The Chicago Bears are in complete free fall and in danger of having their once-promising season slip away.
The main culprit -- again -- the offense. It’s hard to find the right words to describe how pathetic the Bears are on offense. Sunday’s 24-17 loss to the Tennessee Titans was such an utter embarrassment (until garbage time) that it is difficult to see how the Bears can recover.
The NFL’s most penalized team, the Bears repeatedly sabotaged whatever chances they had to score by routinely self-destructing in critical moments, including, not one, but two consecutive offensive penalties on fourth-down plays.
The Titans entered Week 9 as the league’s worst third-down defense.
The Bears went 2-of-15 on third down.
All season, Tennessee struggled to stop the run. The Titans had allowed 128 rushing yards per game -- until, that is, the Bears arrived in Nashville.
The Bears collectively ran for 56 yards.
Stop me if you have heard this before: The Bears wasted another solid performance by the defense. Chicago’s defense kept the game as close as it could until it predictably wore out and broke down.
The Bears are done unless the offense wakes up from its 70-year hibernation. The prospects of that happening seem unlikely.
From 5-1 to 5-4 in the blink of an eye.
Sadly, the worst may be yet to come.
QB breakdown: Nick Foles was under serious pressure all afternoon. The veteran connected on a handful of nice throws to Allen Robinson, Anthony Miller, Riley Ridley and Darnell Mooney, but he generally underwhelmed. There is no Plan B. Mitchell Trubisky is week-to-week with an injured right throwing shoulder. Backup Tyler Bray has appeared in one career game over seven NFL seasons. The Bears are going to have to tough it out with Foles, who cannot play well enough to put out all of Chicago’s offensive fires. Not many quarterbacks could.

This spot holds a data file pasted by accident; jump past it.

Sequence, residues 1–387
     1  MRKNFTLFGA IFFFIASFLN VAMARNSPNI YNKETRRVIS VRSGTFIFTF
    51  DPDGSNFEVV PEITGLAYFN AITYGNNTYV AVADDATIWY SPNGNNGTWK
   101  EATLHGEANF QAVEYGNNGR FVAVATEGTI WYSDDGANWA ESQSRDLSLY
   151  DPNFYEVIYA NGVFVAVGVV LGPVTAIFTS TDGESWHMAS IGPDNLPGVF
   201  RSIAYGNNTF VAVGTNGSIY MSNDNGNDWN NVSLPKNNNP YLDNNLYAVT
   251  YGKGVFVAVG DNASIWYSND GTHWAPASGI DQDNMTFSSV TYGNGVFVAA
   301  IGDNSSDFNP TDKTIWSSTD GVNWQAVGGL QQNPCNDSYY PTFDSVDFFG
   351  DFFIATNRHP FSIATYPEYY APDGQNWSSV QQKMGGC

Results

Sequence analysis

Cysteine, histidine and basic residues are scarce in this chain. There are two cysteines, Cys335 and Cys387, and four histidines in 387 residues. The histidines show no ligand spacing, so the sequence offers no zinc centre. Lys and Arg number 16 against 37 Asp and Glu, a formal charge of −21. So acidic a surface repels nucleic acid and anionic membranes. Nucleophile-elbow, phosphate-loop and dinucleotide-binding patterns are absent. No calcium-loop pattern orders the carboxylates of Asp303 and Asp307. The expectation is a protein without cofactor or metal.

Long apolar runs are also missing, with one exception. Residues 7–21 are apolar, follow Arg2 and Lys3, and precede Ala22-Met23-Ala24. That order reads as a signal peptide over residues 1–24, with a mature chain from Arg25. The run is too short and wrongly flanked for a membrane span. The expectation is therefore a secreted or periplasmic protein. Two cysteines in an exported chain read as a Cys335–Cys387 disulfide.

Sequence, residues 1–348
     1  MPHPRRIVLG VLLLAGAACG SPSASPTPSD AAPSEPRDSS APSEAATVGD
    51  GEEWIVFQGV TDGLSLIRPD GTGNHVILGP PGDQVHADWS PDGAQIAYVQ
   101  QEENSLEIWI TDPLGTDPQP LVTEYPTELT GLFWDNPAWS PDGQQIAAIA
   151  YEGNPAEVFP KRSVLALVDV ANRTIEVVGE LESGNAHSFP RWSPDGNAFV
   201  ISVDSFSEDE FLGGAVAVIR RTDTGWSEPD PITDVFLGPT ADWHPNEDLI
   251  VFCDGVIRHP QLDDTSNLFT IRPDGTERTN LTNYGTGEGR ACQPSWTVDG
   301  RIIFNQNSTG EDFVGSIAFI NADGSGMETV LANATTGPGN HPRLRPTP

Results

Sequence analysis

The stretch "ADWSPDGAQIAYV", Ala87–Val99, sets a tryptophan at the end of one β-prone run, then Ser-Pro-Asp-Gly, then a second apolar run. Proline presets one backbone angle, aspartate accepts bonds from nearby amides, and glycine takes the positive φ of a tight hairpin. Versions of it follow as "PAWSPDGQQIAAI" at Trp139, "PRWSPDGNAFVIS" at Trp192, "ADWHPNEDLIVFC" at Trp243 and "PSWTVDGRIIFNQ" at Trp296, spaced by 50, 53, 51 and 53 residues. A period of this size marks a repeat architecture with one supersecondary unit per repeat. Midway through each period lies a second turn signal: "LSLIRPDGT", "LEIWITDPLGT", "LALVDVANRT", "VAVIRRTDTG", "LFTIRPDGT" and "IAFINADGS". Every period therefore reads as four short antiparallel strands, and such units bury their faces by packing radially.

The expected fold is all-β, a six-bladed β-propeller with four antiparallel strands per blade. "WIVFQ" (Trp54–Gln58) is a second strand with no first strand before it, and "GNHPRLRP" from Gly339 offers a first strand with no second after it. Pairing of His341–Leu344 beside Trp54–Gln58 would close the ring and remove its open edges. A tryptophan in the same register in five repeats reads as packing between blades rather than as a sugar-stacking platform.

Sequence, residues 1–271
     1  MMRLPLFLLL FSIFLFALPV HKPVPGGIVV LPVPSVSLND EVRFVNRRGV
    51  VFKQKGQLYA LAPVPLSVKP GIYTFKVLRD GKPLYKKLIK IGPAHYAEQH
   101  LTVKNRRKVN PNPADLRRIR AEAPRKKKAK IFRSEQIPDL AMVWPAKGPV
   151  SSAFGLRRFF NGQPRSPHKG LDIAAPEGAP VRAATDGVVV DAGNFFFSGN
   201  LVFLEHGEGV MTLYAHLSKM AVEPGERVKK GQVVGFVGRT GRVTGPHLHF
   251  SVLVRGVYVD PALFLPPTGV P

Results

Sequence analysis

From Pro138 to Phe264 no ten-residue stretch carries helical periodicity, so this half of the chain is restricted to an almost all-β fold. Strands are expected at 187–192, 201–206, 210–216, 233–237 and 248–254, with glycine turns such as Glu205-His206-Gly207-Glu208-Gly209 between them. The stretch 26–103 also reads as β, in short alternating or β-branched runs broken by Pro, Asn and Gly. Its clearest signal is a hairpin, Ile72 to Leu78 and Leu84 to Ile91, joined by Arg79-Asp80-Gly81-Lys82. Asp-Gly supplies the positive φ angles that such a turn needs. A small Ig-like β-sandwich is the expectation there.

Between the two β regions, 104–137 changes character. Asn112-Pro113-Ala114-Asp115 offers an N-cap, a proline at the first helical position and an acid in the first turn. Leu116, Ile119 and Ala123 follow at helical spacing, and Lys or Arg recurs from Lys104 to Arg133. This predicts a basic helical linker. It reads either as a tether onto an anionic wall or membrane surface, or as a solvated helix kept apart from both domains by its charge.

Bold prediction for next week: Someone else has to call plays versus the Minnesota Vikings next Monday night. Bears coach Matt Nagy is a reasonable person. The former NFC Coach of the Year wants to win in the worst possible way. For the sake of the franchise, Nagy probably realizes it might be a good idea -- even for just one week -- to allow offensive coordinator Bill Lazor or quarterbacks coach John DeFilippo, or maybe even passing game coordinator Dave Ragone, the opportunity to call plays. Nothing has worked on offense. Nothing. Is Nagy to blame for all the problems? No, of course not, but the head coach owes it to the team to try a different approach in Week 10.
Pivotal play: The game effectively ended when Ryan Tannehill fired a perfect second-quarter pass to A.J. Brown for a 40-yard touchdown reception that put Tennessee up 10 points. The lead felt insurmountable. The Bears were fortunate to come from behind and beat inferior opponents Detroit and Atlanta earlier in the year. The Bears cannot afford to trial in the second half by double digits and defeat quality teams, such as the 6-2 Titans. The Bears’ 5-1 start to the season proved to be a mirage.
Good luck, Nick: The Bears' offensive line is wrecked. Already minus starting left guard James Daniels (injured reserve/torn pectoral muscle), the Bears entered Week 9 without starting right tackle Bobby Massie (injured reserve/knee), starting center Cody Whitehair (calf/reserve/COVID-19 list), backup right tackle Jason Spriggs (reserve/COVID-19 list), backup center Sam Mustipher (knee) and swing tackle Lachavious Simmons (reserve/COVID-list). Chicago opened the Titans game with just two Week 1 starters on its offensive line (left tackle Charles Leno, right guard Germain Ifedi). The results were predictable. The line struggled all afternoon. Retooling the offensive line has to be high on Chicago’s offseason to-do list -- right after quarterback.
Encouraging trend: Veteran Dwayne Harris has been a clear upgrade on punt return. The Bears sent ex-returner Ted Ginn Jr. packing following a disastrous performance versus the Rams in Week 7. Ginn’s indecisiveness on punt return cost the Bears dearly in terms of field position. To Harris’ credit, he’s displayed the willingness to catch virtually every punt, even if it means taking a big hit, in order to prevent the offense from having to take over inside its own 5-yard line. Harris was a breath of fresh air on Sunday with 64 return yards.